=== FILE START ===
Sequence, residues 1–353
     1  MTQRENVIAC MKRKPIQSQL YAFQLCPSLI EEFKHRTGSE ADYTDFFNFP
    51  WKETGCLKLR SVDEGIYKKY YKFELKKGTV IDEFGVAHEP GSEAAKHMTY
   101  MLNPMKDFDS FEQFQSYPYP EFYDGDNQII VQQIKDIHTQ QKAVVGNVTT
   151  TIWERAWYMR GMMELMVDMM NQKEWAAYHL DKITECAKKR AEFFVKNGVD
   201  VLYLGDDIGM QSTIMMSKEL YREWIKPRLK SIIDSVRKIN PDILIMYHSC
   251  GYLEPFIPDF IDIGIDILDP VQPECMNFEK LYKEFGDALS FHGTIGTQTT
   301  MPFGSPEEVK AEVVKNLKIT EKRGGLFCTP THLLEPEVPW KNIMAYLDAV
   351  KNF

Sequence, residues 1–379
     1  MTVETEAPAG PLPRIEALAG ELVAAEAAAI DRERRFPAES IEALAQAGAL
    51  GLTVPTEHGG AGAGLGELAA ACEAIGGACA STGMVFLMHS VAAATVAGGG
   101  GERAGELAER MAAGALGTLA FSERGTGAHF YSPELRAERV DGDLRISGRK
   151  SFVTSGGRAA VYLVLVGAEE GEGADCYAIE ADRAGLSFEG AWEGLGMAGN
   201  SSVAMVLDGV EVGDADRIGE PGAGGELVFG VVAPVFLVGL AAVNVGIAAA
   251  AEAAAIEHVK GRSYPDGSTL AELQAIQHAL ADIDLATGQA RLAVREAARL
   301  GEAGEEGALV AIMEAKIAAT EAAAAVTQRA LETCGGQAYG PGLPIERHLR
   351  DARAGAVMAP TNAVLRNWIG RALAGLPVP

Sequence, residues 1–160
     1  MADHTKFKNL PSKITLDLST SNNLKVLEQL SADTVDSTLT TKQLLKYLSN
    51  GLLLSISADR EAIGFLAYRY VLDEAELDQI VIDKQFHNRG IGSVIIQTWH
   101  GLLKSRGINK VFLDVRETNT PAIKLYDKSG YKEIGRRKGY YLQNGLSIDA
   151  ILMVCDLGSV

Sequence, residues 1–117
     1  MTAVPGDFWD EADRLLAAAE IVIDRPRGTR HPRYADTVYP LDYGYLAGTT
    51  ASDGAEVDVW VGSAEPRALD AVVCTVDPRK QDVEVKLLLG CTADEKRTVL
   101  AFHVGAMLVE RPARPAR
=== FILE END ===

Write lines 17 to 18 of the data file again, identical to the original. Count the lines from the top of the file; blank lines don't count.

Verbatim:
   301  GEAGEEGALV AIMEAKIAAT EAAAAVTQRA LETCGGQAYG PGLPIERHLR
   351  DARAGAVMAP TNAVLRNWIG RALAGLPVP